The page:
• THE POST BELOW IS MORE THAN 5 YEARS OLD. RELATED SUPPORT INFORMATION MIGHT BE OUTDATED OR DEPRECATED

    On 15/06/2012 at 07:15, xxxxxxxx wrote:

    Hi visualride,

    What do you mean with "no cancel button"? I guess you are using a Mac? May you post a screenshot of the dialog that does not own a cancel button, please?

    So, you want to make your own dialog?

    There are some examples in the SDK that should at least give you a hint how to use it. There are also various posts on the forum on dialogs. Here is a little example:

    # author: Niklas Rosenstein <rosensteinniklas@gmail.com>  
      
    import c4d  
      
    class InputDialog(c4d.gui.GeDialog) :  
      
      INPUT = 10000  
      BTNOK = 10001  
      BTNCNCL = 10002  
      
      def __init__(self, title=None, input_text=None) :  
          self.title = title or "User Input"  
          self.input_text = input_text or ""  
          self.result = None  
      
      def CreateLayout(self) :  
          FULLFIT = c4d.BFH_SCALEFIT | c4d.BFV_SCALEFIT  
      
          self.AddEditText(self.INPUT, FULLFIT)  
          self.GroupBegin(0, FULLFIT)  
          self.AddButton(self.BTNOK, FULLFIT, name="OK")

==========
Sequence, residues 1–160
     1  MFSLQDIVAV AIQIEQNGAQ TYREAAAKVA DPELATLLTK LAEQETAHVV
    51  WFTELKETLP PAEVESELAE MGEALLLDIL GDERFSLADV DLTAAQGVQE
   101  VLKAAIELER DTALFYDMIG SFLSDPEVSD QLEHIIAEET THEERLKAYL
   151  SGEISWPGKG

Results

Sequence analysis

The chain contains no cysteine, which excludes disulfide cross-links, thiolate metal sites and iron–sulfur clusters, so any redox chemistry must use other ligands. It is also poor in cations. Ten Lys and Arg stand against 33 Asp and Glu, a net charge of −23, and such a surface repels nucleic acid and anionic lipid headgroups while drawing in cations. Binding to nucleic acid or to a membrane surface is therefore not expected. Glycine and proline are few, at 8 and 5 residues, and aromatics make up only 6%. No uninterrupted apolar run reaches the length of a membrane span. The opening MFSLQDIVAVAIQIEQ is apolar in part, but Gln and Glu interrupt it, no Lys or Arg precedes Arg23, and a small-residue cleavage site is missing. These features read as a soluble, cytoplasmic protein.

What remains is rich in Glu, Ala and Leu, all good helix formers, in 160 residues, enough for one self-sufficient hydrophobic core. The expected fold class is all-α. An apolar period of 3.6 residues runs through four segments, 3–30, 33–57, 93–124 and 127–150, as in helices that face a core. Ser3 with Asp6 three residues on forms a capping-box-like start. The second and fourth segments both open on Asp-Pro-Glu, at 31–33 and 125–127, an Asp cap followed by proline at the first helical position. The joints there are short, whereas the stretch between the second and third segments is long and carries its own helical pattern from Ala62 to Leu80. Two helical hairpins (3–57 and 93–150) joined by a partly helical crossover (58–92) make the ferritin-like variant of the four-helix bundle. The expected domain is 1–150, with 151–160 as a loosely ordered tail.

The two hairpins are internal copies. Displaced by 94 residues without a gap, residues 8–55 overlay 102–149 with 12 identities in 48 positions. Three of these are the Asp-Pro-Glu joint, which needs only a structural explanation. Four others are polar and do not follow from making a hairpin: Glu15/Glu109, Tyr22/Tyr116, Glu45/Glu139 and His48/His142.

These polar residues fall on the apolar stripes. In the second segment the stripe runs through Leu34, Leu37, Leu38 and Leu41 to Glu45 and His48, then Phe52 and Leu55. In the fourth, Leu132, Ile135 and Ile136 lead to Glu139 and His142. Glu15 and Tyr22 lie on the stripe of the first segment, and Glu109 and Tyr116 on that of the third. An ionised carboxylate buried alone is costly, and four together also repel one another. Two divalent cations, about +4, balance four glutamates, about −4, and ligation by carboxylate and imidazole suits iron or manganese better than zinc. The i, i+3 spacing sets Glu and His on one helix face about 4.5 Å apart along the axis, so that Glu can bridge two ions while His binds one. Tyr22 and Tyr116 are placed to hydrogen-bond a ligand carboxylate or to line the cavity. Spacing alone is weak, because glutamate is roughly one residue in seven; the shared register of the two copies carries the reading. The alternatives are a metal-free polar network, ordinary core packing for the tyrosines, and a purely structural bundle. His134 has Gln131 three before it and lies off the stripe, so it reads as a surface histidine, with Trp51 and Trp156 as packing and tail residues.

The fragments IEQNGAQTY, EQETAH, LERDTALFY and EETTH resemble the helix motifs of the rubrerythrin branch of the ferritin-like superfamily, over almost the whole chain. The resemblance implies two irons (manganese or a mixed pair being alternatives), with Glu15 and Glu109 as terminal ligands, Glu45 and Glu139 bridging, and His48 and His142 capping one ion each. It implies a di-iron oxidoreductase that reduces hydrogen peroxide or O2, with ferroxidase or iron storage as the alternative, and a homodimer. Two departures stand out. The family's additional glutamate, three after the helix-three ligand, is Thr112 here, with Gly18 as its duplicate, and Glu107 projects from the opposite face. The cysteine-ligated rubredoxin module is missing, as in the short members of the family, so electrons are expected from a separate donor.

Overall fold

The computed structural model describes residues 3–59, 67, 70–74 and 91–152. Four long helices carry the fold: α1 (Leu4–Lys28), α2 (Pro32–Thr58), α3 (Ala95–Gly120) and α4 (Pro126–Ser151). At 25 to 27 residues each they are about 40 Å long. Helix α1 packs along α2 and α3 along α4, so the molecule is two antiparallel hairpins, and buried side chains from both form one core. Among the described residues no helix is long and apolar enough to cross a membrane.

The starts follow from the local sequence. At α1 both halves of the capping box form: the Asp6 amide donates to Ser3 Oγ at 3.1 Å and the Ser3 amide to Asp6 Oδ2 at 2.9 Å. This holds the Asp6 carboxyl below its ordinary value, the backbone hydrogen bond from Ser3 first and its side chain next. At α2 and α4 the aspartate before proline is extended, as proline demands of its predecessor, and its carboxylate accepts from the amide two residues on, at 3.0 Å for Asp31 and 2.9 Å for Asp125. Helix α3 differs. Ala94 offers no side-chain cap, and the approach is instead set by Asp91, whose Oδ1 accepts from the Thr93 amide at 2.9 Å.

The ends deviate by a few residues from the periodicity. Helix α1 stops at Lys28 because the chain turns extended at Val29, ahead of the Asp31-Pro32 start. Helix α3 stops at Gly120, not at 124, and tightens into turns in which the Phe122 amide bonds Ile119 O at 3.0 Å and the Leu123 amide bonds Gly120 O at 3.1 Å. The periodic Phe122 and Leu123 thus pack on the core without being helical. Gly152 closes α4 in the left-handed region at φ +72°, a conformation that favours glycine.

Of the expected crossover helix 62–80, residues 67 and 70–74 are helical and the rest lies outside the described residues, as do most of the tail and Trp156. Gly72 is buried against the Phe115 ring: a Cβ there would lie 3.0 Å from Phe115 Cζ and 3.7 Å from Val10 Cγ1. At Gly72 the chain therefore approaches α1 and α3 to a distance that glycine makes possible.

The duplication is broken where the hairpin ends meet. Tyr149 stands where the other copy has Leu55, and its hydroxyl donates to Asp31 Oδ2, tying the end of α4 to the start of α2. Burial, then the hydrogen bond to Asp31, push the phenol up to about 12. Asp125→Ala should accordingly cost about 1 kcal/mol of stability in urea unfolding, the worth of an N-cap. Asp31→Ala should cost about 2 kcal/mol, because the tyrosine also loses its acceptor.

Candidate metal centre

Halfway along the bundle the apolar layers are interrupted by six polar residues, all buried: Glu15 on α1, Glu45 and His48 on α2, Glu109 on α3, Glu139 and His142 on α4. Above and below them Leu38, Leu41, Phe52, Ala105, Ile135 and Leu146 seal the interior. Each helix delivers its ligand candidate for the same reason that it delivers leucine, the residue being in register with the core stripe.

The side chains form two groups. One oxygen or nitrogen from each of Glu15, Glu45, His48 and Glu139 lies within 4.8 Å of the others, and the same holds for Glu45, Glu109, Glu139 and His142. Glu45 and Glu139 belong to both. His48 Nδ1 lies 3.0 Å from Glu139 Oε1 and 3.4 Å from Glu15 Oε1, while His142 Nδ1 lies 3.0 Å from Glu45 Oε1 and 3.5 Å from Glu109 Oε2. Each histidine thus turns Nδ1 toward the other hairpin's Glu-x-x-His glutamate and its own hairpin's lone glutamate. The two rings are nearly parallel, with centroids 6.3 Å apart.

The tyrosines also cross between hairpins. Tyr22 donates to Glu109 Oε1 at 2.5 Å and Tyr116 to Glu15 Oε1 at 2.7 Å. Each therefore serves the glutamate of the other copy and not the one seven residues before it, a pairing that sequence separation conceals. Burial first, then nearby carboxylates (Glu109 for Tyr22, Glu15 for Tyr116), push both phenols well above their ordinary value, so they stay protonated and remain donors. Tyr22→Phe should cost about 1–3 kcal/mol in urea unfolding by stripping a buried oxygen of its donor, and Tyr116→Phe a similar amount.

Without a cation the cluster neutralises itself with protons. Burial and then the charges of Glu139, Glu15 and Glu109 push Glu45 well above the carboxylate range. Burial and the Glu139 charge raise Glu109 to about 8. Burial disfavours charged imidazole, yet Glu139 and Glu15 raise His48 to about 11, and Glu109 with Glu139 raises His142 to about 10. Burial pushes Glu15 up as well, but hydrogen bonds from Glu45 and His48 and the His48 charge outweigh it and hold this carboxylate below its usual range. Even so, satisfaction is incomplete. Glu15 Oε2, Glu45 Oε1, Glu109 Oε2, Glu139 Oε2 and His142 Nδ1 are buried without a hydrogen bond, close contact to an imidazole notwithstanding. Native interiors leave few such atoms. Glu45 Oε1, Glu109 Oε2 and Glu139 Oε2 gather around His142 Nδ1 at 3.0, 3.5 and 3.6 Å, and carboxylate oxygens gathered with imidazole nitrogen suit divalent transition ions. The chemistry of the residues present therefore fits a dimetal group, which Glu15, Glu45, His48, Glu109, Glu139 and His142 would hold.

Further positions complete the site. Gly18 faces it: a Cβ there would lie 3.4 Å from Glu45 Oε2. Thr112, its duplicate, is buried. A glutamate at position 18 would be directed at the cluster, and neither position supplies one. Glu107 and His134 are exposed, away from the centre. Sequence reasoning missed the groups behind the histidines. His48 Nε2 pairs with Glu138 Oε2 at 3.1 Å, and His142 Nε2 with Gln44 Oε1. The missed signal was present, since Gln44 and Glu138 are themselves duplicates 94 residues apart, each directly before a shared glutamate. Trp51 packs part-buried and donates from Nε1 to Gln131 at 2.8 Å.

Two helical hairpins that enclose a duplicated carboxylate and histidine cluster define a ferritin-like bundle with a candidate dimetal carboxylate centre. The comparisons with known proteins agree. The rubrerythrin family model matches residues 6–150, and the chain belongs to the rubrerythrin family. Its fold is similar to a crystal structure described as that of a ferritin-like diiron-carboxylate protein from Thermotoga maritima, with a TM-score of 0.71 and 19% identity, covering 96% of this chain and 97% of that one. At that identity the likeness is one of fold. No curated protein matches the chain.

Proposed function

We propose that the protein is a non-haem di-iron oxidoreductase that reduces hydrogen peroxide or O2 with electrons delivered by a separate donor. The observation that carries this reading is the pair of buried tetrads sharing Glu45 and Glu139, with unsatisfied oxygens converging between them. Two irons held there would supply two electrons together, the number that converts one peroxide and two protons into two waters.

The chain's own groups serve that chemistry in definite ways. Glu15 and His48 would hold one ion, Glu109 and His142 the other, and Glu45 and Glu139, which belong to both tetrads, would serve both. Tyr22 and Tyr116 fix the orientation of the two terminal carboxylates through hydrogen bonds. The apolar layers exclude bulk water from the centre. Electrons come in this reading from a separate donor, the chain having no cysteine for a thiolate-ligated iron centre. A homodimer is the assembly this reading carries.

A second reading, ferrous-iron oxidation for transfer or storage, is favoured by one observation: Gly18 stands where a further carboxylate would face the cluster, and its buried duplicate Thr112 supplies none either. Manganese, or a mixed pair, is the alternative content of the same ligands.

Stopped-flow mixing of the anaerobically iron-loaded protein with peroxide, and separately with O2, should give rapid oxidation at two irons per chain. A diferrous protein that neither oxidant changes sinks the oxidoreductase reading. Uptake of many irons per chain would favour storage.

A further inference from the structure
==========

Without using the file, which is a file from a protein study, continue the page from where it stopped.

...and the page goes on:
self.AddButton(self.BTNCNCL, FULLFIT, name="Cancel")  
          self.GroupEnd()  
      
          return True  
      
      def InitValues(self) :  
          self.SetTitle(self.title)  
          self.SetString(self.INPUT, self.input_text)  
          return True  
      
      def Command(self, id, msg) :  
          if id == self.BTNOK:  
              close = True  
              self.result = self.GetString(self.INPUT)  
          elif id == self.BTNCNCL:  
              close = True  
              self.result = None  
          else:  
              close = False  
      
          if close:  
              self.Close()  
      
          return True  
      
    def open_input_dialog(default=None, title=None, width=200) :  
      dialog = InputDialog(title, default)  
      dialog.Open(c4d.DLG_TYPE_MODAL, defaultw=width)  
      return dialog.result  
      
    def main() :  
      value = open_input_dialog("Enter Text.",  
                                "I'm waiting for your input.")  
      
      if value is None:  
          print "Cancelled."  
      else:  
          print "Input:", value  
      
    main()
    


  • THE POST BELOW IS MORE THAN 5 YEARS OLD. RELATED SUPPORT INFORMATION MIGHT BE OUTDATED OR DEPRECATED

    On 15/06/2012 at 15:32, xxxxxxxx wrote:

    Thanks Niklas.  This will be a big help.  I haven't found those snippets of code that I used yesterday that brought up a dialog with the 'cancel' and 'minimize' buttons greyed out, but since it happened more than once I assume it was because of my version (R12) or that the code was written on a PC (I am using a Mac).  If I do come across it again I will post it.

    As I'm learning (I started sporadically about a month ago) I gain many more questions than I answer but it is fun, and hopefully it will even be practical soon.


Log in to reply